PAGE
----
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vz power steering

Discussion in 'VZ Holden Commodore (2004 - 2006)' started by markovr, Dec 21, 2015.

  1. markovr

    markovr Well-Known Member

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    07vessv 94vr .04vz wgn,93vp wgn,82 vhV6 wgn 88 vn
    I have my power steering rack out to fix a leak from the drivers side of the housing so I was going to take it apart and replace the seals .Went looking on the net for some info .....even a view of all the components.... Next to nothing ... About to change that by posting these so it might help someone else.
    This is a TSSA branded steering rack out of my 2004 vz ...apparently company that made these for Holden went belly up during vz series run and Holden then sourced steering racks from a different company so those later ones will be different from this one.
    Turned pinion shaft so rack bar is roughly in middle so flats on pinion shaft are where they should be when the coupling from the steering wheel hooks up when steering wheel would be centre and measured from edge of rack to end of housing so I know where it should be when I reassemble. So by picture below....pinion will be in the right position with flats on input surface roughly parallel to rack and relief flat in pinion surface for coupling bolt facing in (you cant see that relief flat in picture as its points inboard) and 39mm from housing end to end of rack bar on drivers end.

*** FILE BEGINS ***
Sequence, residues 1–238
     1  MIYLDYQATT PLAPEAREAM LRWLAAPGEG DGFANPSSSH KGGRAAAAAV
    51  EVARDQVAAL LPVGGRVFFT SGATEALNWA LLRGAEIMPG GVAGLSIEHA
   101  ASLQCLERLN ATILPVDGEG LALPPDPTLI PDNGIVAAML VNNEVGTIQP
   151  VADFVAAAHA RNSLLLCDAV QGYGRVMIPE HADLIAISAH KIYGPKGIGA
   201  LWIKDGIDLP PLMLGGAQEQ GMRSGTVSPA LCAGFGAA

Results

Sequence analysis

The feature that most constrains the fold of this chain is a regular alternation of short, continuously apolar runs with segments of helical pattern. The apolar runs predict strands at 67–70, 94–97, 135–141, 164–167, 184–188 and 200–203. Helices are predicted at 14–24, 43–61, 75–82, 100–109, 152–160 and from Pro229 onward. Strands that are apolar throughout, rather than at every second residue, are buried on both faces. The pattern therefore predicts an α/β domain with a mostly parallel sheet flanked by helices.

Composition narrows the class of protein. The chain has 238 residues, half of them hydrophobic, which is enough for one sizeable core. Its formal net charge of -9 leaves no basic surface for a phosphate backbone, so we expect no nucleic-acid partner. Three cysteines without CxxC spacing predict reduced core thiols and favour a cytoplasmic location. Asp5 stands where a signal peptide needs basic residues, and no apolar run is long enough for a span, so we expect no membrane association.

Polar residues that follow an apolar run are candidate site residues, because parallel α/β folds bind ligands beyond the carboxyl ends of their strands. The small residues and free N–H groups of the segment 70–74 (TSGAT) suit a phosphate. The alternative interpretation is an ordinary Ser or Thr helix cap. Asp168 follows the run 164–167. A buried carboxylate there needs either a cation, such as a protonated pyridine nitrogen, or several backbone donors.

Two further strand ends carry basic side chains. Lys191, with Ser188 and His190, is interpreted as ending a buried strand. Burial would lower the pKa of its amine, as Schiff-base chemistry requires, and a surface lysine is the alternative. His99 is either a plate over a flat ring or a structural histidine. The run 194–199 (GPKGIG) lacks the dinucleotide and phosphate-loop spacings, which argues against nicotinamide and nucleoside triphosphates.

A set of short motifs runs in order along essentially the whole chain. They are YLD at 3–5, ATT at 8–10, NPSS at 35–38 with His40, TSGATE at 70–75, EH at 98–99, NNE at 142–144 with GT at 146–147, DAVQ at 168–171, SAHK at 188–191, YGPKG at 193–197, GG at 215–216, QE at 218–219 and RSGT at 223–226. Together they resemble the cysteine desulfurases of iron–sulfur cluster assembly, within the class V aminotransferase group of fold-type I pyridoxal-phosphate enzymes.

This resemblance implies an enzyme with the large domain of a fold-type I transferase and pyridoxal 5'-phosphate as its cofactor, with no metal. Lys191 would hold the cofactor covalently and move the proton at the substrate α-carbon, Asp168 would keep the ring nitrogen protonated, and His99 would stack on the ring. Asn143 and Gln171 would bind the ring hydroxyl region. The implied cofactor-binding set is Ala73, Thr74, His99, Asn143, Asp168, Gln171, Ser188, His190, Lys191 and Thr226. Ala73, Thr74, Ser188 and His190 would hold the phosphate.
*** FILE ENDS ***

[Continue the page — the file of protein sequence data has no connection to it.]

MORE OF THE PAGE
[​IMG]
    Found a non genuine vx service manual on line(ellerys?) and most of the steps from the manual are straight forward .....take rack boots and rack ends off ....undo and take the pinion support and bottom locknut ...release top circlip and take out pinion assembly out ..but I have got to the part to remove the rack bar itself from the housing but the manual says to just take it out without saying how.
    Actual rack bar comes out from passenger side of housing but is retained by a plastic sleeve/bush..... Older racks had a steel nut screwed into the passenger side of the housing that was turned using a special tool that had pins that located in the nut to unscrew it and everything just came out after unscrewing it.
    This one has a plastic retainer similar to that nut but with a wire spring on the outside that seems to lock it in place in the housing . Trouble is I cant tell by the directions how this plastic retainer comes out. Can anyone help me? Direction 16 is a bit sketchy to me. It seems to jump between rack types and you have to work out if it applies to yours...... it seems to jump steps and even the pictures are out of sequence.